Foraging behaviour in captive red knots: the role of individual differences in the use of social information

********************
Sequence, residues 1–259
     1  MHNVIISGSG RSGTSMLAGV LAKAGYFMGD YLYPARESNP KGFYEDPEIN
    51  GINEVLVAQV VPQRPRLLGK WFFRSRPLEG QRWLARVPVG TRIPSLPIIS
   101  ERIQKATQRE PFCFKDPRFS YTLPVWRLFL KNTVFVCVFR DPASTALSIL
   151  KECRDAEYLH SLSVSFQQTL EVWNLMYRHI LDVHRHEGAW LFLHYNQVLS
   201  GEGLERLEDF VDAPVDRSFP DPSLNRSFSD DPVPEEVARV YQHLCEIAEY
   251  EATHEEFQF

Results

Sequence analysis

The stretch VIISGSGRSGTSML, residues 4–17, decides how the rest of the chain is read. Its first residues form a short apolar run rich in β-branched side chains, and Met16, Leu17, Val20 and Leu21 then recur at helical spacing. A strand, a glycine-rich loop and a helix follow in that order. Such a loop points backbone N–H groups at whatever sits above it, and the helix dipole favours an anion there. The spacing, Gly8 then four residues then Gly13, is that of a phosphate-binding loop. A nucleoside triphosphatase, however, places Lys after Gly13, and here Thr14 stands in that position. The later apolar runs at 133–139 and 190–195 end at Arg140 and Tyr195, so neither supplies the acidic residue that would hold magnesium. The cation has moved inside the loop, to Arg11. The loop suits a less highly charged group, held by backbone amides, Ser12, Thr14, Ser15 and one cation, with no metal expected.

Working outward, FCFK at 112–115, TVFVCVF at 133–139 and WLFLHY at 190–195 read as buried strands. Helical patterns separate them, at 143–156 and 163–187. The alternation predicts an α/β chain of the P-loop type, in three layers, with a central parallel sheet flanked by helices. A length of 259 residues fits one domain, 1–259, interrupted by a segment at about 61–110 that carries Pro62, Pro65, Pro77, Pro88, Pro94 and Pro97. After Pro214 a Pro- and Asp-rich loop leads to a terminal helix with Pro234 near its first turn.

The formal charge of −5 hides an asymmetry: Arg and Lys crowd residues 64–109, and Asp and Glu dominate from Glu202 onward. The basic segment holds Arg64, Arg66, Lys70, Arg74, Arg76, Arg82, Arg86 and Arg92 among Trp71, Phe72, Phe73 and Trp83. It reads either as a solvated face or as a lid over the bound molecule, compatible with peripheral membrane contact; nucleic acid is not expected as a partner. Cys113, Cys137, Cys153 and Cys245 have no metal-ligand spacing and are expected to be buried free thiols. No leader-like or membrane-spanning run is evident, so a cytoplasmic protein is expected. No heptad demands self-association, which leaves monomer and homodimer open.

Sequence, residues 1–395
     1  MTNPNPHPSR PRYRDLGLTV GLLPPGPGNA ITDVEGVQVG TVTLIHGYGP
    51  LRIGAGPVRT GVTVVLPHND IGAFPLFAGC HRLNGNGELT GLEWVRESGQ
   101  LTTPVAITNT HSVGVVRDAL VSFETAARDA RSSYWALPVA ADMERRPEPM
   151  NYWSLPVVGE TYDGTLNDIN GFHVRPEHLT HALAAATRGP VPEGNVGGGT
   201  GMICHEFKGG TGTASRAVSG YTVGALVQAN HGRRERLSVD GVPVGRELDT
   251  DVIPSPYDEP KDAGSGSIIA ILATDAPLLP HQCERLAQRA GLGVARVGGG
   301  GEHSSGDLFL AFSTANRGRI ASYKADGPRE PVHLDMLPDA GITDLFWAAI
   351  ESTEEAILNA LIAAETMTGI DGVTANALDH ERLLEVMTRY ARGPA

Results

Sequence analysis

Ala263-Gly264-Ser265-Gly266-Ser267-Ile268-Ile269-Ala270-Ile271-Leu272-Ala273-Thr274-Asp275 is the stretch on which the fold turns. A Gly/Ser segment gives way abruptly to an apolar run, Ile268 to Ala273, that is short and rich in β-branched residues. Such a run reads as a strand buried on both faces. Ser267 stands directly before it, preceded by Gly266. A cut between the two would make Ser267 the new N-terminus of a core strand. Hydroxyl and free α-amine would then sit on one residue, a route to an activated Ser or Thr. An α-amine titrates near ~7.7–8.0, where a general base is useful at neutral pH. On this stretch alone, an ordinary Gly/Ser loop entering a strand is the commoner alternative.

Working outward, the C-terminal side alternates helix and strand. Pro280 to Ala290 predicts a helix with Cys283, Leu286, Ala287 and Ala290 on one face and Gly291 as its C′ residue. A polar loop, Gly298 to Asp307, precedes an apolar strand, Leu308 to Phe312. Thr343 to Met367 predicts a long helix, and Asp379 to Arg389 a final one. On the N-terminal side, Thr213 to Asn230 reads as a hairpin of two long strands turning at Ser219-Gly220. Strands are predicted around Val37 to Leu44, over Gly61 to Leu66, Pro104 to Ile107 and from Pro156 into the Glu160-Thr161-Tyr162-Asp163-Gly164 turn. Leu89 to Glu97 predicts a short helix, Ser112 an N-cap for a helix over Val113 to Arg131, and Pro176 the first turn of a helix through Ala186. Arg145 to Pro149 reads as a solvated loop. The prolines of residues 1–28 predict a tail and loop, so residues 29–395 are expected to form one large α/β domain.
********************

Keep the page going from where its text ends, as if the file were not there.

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Collective behaviour is widespread among animals, and through social learning, it provides individuals with ways to deal with rapid environmental change. Within the group, animals differ in personality and are engaged in networks of social interactions. The availability and spread of information about the location and quality of resource patches may depend on the distribution of personalities. Previous studies have found that individuals with exploratory personality are more likely to discover food patches; therefore, non-exploratory individuals could benefit from following explorers. Calidris canutus islandica are suitable candidates for using public information to increase their foraging success, and consequently survival rates, because the benefits outweigh the costs. In fact, knots benefit from sharing foraging information while avoiding costs of competition, as food is abundantly but cryptically dispersed on the mudflats. In this project, we investigate the use of social information by captive red knots, examining their foraging behaviour both alone and in the group. Several behavioural assays were conducted in the experimental shorebird facility at NIOZ (Texel, The Netherlands), where 21 patches were placed in a sandy arena, but only one contained prey items. Fifty captive red knots, whose exploratory personalities were previously assessed, were tested in this setup, firstly alone and subsequently in groups of 2, 3 and 4 total birds. For all trials, the fraction of time the focal bird took to discover the filled food patch was measured and identified as "searching time", which was analysed in relation to individual-level traits and group's characteristics. The results unexpectedly show that exploratory personality does not influence foraging behaviour in any case. Nevertheless, all the birds became faster in finding the food when they were in a group. Most importantly, non-exploratory birds remarkably benefit from being with other individuals that share information about the food patch location through local enhancement. This captivity study gave insights into the use of social information by knots and how their foraging behaviour changes from being alone to being in a group, highlighting the vital importance of group foraging, especially for non-exploratory individuals.